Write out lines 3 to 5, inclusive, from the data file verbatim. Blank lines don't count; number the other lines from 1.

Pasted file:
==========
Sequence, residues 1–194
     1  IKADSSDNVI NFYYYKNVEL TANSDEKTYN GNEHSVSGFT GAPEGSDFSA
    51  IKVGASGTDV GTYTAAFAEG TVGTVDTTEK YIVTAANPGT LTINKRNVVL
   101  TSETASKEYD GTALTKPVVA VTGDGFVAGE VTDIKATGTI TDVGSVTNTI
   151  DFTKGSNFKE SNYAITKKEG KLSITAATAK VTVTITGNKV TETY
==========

    51  IKVGASGTDV GTYTAAFAEG TVGTVDTTEK YIVTAANPGT LTINKRNVVL
   101  TSETASKEYD GTALTKPVVA VTGDGFVAGE VTDIKATGTI TDVGSVTNTI
   151  DFTKGSNFKE SNYAITKKEG KLSITAATAK VTVTITGNKV TETY